My machines have Python 3.7 installed. On my Ubuntu machine I have no issues, but on my Windows 10 machine, I can't run Python plugins in Vim. The reason is that the Windows Vim as distributed has been compiled for Python 3.6, and Vim will only use the Python version that was specified at compilation time.

My question is this: Why does it matter which Python version I use, as long as the scripts are compatible? Why try to embed a part of Python in the program (a DLL on Windows), instead of either embedding the whole thing or--better yet--just calling out to the python executable? Then the version doesn't matter.

FYI: I've tried to build my own Vim on Windows, but it seems that the documentation on how to do so is quite outdated and building software on Windows is incredibly difficult (install a text editor to get a compiler?!).


1 Answer 1


Vim can be build with static python or dynamic python support. If it is build with dynamic python you are able to change the python version.

Just look at the output of :version. If it contains +python/dyn and +python3/dyn, it is compiled for dynamic python. Then you are able to change the python dll to use by changing the option pythondll or pythonthreedll:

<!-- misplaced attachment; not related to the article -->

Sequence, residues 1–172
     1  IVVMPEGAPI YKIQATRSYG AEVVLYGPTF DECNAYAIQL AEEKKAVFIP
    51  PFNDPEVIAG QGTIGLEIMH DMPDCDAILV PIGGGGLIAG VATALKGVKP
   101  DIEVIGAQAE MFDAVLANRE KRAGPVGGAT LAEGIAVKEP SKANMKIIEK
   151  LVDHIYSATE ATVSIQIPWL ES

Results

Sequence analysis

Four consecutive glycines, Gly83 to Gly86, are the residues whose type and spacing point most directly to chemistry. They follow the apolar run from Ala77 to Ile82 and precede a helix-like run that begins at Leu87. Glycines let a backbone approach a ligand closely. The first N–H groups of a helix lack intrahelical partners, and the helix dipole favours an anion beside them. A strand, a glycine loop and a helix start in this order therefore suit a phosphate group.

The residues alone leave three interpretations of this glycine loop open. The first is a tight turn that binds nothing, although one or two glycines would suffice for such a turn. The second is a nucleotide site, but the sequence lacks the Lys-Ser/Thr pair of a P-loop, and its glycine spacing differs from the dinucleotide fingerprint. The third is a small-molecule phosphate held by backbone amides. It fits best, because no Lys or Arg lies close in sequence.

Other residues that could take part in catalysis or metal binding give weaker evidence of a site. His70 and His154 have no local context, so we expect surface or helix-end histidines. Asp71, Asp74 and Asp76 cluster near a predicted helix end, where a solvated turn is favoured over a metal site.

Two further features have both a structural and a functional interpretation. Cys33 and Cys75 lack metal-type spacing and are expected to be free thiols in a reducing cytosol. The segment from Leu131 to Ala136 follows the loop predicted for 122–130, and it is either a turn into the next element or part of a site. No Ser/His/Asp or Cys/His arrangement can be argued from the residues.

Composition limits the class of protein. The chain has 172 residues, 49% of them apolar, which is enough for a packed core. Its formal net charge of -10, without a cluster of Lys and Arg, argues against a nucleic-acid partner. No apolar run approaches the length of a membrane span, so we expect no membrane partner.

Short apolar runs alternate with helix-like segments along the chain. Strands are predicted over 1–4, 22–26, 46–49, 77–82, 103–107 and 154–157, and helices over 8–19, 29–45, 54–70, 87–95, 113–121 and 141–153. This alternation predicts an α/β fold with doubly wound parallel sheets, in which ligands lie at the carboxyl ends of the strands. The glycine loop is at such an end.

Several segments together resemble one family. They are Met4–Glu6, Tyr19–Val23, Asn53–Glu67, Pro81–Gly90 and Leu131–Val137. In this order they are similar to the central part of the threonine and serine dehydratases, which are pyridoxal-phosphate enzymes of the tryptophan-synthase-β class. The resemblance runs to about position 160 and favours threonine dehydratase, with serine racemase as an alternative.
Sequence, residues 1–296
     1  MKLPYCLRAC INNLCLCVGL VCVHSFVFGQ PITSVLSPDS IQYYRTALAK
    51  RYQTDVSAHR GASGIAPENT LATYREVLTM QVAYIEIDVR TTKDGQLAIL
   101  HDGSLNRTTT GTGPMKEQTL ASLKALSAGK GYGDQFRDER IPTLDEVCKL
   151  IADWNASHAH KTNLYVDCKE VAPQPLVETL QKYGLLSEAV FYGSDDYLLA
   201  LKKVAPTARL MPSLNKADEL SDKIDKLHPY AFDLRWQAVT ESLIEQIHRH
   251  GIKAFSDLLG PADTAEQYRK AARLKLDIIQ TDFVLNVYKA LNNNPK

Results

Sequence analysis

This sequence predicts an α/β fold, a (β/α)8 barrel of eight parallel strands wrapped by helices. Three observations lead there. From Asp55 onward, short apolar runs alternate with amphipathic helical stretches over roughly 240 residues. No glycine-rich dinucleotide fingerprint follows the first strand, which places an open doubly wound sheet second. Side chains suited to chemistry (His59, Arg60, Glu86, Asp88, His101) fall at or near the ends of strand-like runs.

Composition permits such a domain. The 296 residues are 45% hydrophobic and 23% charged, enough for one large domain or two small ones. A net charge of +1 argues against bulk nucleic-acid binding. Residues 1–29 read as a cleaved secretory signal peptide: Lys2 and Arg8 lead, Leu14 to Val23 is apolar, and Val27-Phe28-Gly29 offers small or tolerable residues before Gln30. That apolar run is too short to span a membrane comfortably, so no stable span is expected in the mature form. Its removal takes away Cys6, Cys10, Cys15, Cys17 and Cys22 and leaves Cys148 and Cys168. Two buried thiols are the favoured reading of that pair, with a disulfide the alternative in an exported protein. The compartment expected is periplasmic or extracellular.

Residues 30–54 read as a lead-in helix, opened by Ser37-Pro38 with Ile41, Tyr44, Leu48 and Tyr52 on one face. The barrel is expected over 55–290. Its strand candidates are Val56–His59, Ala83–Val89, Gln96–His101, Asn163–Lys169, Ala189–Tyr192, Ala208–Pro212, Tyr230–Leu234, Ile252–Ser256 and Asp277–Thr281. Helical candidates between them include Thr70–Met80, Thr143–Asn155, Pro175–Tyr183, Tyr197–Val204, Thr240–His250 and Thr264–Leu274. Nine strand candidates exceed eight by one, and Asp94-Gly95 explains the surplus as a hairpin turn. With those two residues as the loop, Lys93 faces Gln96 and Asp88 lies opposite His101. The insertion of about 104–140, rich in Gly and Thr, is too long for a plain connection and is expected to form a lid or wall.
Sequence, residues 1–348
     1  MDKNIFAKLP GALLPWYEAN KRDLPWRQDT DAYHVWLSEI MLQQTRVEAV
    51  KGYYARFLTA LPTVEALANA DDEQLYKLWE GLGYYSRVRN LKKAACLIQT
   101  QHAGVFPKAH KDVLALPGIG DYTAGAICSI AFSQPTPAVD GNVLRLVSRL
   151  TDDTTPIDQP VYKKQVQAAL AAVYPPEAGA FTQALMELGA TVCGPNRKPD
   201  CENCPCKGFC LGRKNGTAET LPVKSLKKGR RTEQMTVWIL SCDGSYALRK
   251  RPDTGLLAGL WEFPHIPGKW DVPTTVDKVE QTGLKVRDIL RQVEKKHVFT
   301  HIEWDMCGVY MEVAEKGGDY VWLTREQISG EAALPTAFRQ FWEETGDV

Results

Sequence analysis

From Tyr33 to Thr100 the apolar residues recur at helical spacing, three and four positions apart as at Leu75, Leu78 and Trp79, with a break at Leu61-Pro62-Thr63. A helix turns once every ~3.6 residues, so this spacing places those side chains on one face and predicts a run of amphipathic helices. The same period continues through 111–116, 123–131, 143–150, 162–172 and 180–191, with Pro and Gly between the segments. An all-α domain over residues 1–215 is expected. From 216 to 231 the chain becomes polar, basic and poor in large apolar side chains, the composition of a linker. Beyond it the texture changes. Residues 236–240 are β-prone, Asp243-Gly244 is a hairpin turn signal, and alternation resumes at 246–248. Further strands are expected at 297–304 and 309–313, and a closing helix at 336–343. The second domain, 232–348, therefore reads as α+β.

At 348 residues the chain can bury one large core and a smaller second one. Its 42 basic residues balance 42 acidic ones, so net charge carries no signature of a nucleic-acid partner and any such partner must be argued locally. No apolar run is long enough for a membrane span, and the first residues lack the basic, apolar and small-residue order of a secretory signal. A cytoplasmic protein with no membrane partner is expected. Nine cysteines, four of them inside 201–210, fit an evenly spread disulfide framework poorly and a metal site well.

set pythonthreedll=python37.dll

If Vim is not compiled with dynamic python support, this will result in an error message, as the option doesn't exist then.

Note: If python is not installed, but only unpacked from a zip, Vim is not able to find it that way. Then you need:

set pythonthreehome=C:\path\to\python
set pythonthreedll=C:\path\to\python\python37.dll

Also useful if you have multiple python installations.

As already mentioned in a comment, a up-to-date version of Vim for Windows with dynamic python support, can be downloaded from this github page.

See :help python-dynamic and help for the named options.

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